Over the past year, the treasury function has been directed by a host of new rules, regulations and been forced to react to corporate restructuring, while many corporate treasurers have been tasked with opening their firms to new markets.

Last year, volatility was subdued across financial markets, leading treasury managers to look for new and innovative sources of arbitrage and hedging opportunities. Since the financial crisis, market participants have been limited in the amount of exposures they’ve been willing – and able – to take, given the slew of regulations during the recovery period. Similarly, while many of the world’s governments executed quantitative easing plans, cash became difficult to come by. Mitigating risk – be it operational, market, or liquidity – was becoming more difficult for the modern treasury manager it seems.

Thankfully, developments across the TMS market have stepped in not only to help automate a range of processes, make better uses of resources, but to help with the functional and strategic requirements of the treasury function. Advances in artificial intelligence by many TMS providers has allowed those who use them to better analyse larger chunks of data and react to ever-smaller market movements. A wider and deeper application of blockchain and distributed ledger technology has allowed treasurers to become more agile, and the greater ability of firms to integrate TMSs within the wider business has seen a burgeoning of developments.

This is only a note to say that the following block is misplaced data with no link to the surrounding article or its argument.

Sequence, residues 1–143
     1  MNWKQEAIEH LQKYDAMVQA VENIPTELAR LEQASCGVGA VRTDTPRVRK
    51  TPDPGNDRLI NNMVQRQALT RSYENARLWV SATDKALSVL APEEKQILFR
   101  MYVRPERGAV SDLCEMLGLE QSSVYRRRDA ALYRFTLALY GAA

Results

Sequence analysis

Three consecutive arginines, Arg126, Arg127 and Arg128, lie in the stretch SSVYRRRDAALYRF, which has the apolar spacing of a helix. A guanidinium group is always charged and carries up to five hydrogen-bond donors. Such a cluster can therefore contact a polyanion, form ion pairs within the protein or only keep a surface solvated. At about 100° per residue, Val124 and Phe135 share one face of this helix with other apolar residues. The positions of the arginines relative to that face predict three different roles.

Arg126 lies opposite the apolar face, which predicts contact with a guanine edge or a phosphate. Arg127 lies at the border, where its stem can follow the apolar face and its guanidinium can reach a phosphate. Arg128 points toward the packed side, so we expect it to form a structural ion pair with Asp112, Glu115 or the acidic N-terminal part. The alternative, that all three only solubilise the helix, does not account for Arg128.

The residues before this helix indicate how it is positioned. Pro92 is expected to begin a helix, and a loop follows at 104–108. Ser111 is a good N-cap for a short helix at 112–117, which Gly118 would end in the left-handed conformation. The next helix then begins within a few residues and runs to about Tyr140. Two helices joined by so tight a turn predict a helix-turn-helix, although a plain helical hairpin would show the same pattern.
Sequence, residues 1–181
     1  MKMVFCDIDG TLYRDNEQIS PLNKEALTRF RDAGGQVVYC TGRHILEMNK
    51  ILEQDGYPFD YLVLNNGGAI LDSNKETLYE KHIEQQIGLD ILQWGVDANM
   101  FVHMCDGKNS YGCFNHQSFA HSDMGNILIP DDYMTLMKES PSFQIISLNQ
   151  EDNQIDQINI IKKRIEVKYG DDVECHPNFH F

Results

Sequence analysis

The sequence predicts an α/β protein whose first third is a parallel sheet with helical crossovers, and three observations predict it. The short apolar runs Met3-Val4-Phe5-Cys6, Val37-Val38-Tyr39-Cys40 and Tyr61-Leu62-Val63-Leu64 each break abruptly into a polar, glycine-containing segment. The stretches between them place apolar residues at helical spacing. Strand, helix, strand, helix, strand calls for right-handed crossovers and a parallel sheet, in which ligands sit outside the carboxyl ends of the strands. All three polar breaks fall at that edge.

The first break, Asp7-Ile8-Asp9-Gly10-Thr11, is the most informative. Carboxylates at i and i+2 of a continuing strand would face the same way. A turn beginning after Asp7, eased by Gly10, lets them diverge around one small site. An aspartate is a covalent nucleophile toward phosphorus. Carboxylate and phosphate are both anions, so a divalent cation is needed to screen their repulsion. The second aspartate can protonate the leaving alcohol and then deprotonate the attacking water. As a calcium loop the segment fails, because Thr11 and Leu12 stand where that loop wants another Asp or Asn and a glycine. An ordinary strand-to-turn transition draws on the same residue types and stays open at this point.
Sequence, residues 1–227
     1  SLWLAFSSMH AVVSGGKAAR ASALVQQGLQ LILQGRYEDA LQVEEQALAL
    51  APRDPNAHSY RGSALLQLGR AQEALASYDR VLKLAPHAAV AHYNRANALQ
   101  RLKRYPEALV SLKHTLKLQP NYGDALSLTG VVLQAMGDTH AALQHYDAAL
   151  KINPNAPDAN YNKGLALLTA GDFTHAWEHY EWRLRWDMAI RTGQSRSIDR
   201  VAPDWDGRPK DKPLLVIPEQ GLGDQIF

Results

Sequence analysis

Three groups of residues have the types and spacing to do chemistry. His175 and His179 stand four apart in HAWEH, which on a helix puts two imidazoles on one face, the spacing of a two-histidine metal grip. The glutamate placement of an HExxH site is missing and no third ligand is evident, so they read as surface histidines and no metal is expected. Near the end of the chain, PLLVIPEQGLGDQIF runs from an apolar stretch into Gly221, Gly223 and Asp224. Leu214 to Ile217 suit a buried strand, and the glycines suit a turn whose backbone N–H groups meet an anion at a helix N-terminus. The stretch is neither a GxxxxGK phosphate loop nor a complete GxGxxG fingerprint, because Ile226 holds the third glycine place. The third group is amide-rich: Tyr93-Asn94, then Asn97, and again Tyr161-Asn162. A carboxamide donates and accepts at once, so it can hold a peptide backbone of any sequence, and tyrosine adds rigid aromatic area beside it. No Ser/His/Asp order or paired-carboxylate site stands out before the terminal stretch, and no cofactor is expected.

And while some organisations have looked internally to advance their treasury management systems, most look to the fintech arena for assistance, recognising that smaller companies dedicated to the latest technological advances often offer better products, be they off the shelf or custom built. Across the globe, governments and regulators have stepped in to encourage fintech developments – some providing seed funding, others creating sandbox initiatives to help take projects to the next step and ensure compliance.

Further, 2017 saw many companies realign their systems with the second Markets in Financial Instruments Directive (Mifid II), and this year has seen the reframed compliance requirements, reporting obligations and rules in place. While many struggled to get systems in place toward the end of last year, this year has seen a far more market-focused approach by finance professionals – no doubt with thanks to the fintech sector.

All that has amounted to a global TMS market, driven by both corporate and public enthusiasm, and regulatory necessity over the past year. Without doubt, TMS providers have enjoyed a bountiful few years thanks to market conditions – but in sustaining technological advances and applying them to their core clients’ needs, many of these providers have created outstanding products and services capable of driving innovative solutions for treasury managers.